A disconnect exists between digital marketing and IT that's fueled in part by software promising IT-free solutions. But the truth isn't that simple.
I just finished reading fellow CMSWire columnist’s Matt Mullen’s article “Dispelling the Chief Marketing Officer Myth," and I’d really recommend it to you if you’re grappling with strategic and governance decisions around Big Data management. The article resonated with me based on the work that I've been doing with my clients around analytics governance.
In my work as an analytics consultant, I am more frequently encountering organizations where the CMO of the digital channel is saying “I need a 360 degree view of the customer” and more traditional database analytics leaders saying “We know digital data is important, but we don’t own it, and we really don’t know what to do with it.”
At the same time, there is a pretty vague sense of what to do with this data… as in, “how do we get to actionable insights?” So, there are really two issues here: one is about the actual collection of data and the other is about understanding the data.
Based on what I've seen, both marketing and IT seem a lot more comfortable talking about the point solutions and systems that deal with the data — not so much on what to do with it — and BI folks are interested in starting to experiment with digital data to come up with ROI models, predictive marketing models and interesting segmentations.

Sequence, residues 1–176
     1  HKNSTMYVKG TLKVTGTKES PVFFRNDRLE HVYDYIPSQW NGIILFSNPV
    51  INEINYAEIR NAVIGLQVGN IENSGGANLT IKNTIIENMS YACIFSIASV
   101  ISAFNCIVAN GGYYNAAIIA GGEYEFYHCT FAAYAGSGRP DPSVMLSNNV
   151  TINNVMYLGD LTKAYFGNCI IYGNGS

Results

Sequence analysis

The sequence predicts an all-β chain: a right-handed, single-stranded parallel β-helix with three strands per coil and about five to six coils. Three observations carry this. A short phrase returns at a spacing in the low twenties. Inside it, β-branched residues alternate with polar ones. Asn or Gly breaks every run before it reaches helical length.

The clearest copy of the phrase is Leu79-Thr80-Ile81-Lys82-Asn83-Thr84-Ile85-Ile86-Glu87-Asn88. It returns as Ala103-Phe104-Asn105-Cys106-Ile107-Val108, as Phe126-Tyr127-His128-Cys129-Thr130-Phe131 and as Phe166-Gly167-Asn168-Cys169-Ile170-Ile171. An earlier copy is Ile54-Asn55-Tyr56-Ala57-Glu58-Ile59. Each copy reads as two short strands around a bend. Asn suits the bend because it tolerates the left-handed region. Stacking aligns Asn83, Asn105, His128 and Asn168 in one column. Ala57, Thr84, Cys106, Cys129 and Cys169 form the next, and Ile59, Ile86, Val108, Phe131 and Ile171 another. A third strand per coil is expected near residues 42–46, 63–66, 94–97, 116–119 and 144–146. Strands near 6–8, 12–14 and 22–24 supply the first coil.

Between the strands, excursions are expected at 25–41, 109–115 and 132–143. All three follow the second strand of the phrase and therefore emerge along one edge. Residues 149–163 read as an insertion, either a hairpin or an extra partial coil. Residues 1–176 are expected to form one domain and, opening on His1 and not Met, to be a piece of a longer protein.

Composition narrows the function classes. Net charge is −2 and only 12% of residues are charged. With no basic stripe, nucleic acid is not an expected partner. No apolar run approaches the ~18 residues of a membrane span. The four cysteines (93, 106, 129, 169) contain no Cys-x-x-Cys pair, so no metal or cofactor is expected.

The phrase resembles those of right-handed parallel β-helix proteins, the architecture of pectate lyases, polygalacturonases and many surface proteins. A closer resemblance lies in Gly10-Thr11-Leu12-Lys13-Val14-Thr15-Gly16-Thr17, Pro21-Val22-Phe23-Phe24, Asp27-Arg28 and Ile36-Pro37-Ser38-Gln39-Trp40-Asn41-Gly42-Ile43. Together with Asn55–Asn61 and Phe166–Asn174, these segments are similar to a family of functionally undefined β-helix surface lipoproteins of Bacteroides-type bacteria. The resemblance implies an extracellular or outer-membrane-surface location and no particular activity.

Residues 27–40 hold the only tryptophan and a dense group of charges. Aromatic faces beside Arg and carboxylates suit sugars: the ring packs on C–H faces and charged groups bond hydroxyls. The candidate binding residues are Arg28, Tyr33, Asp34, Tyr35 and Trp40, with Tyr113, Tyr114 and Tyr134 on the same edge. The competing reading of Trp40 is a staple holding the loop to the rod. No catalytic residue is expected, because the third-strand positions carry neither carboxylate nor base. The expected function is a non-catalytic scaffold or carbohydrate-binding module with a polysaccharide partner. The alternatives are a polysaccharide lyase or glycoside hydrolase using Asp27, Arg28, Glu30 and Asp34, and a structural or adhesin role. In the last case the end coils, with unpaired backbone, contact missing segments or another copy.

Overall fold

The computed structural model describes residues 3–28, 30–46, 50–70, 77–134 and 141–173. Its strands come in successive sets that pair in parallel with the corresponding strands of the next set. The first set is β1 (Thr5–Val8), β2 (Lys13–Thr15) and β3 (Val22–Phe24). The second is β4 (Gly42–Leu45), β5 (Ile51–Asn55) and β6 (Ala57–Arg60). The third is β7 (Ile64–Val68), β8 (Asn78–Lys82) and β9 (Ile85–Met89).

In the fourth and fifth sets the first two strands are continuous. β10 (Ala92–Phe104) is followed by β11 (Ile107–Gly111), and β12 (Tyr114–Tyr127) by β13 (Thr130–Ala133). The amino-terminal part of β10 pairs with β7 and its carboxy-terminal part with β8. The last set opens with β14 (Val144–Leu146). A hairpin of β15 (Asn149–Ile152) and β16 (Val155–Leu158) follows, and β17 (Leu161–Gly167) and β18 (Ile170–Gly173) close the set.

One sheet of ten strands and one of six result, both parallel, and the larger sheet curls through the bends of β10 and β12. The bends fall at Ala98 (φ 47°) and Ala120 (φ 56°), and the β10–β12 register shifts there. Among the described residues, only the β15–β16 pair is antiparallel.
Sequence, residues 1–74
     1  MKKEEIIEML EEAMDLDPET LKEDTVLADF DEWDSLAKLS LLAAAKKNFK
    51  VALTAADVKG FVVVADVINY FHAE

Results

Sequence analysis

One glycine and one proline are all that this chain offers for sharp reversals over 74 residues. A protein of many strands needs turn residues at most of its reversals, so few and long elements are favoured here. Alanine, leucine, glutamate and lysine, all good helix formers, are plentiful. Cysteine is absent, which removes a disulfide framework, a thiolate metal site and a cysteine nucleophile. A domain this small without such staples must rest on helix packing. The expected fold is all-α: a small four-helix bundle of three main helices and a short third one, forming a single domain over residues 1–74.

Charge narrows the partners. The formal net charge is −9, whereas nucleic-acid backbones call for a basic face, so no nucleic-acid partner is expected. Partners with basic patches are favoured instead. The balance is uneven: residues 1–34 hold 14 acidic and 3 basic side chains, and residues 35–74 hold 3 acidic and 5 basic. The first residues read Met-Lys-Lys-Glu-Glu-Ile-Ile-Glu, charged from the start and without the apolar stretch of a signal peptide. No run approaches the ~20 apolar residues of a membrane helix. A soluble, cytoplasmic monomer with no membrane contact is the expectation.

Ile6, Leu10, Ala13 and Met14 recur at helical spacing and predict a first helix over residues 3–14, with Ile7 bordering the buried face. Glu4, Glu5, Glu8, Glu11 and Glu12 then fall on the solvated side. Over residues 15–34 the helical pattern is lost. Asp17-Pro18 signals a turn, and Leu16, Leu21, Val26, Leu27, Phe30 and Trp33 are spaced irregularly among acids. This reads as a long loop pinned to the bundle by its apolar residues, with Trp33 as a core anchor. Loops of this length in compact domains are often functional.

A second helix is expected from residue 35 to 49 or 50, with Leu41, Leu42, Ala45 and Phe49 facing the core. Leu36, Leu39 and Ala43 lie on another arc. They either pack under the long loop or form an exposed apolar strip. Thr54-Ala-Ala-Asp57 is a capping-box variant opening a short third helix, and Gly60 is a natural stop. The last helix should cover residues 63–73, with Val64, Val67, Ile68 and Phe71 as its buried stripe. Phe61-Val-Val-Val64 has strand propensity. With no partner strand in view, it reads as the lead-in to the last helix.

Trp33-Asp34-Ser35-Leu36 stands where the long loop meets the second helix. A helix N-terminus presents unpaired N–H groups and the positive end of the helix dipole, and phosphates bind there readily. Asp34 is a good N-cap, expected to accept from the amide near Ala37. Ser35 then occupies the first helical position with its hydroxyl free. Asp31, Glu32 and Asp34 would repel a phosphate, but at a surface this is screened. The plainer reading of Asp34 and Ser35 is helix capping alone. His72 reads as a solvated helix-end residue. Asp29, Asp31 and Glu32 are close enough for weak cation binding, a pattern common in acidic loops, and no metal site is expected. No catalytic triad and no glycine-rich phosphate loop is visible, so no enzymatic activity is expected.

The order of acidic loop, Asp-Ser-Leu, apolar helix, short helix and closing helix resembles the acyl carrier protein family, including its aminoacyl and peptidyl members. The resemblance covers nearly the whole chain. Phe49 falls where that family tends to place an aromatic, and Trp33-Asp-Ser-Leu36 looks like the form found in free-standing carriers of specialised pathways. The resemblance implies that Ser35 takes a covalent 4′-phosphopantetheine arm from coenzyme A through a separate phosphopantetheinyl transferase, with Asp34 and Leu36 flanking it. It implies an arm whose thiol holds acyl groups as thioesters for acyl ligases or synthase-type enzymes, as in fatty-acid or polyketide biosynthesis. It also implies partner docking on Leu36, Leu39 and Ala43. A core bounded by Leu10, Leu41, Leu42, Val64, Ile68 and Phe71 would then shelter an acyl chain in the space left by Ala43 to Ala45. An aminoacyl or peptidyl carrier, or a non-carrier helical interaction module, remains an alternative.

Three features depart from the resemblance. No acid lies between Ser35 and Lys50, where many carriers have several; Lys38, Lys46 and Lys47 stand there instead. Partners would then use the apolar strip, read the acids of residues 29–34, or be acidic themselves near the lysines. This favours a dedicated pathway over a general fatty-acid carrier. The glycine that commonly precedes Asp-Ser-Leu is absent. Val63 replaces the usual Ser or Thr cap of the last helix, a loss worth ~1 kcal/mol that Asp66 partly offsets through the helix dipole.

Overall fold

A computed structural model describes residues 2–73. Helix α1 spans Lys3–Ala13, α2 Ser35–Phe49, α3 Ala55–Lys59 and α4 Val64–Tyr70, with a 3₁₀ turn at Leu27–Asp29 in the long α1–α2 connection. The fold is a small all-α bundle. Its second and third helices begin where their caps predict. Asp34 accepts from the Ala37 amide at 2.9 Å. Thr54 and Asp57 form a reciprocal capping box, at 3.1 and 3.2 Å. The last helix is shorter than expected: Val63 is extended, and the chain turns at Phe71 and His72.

The Truth Behind IT Free Solutions
I've been working in the Internet field since 1993 and web analytics since 1996, and I wrote the CMSWatch Web Analytics Report. The push to put digital marketing tools, including analytics, into the hands of marketers (digital and web analytics included) has created an interesting dynamic. Marketers know more about technology solutions than ever before, but the promise of completely enabling marketers to run their programs independent of technology professionals is really more about desire than reality.
Much of this paradigm has been fueled by software vendors in the digital channel. For example, in the early days of analytics in the mid to late 1990s, the solutions were heavily dependent on fairly traditional IT involvement: server admins, system admins, network admins, to enable the processing and storage of log files. This really got in the way of making sales for the analytics vendors.
I have worked with dozens of organizations over the years, large and small, regional and international, commercial, government and non-profit, and in that time, I think I could count on one hand the instances where the relationship between the digital channel or marketing team and IT was referred to in positive terms. Most of my clients and analytics managers I've surveyed for my Profiles in Analytics research express frustration that their requests to update code, or have applications coded correctly or have their requirements put into new CMS templates are not considered to be critical.
From my perspective, much of this disconnect has occurred because marketers who have bought the systems are responsible for getting it implemented. But that wasn't what was supposed to happen, the vendor said IT wouldn't be needed.
Yet the perception from the marketers is that they’ll forever be able to rid themselves of recalcitrant IT departments. Said one web analytics manager to me, “Yes, we’re purchasing a tag management system to completely go around IT. We’re looking forward to not having to deal with them anymore.”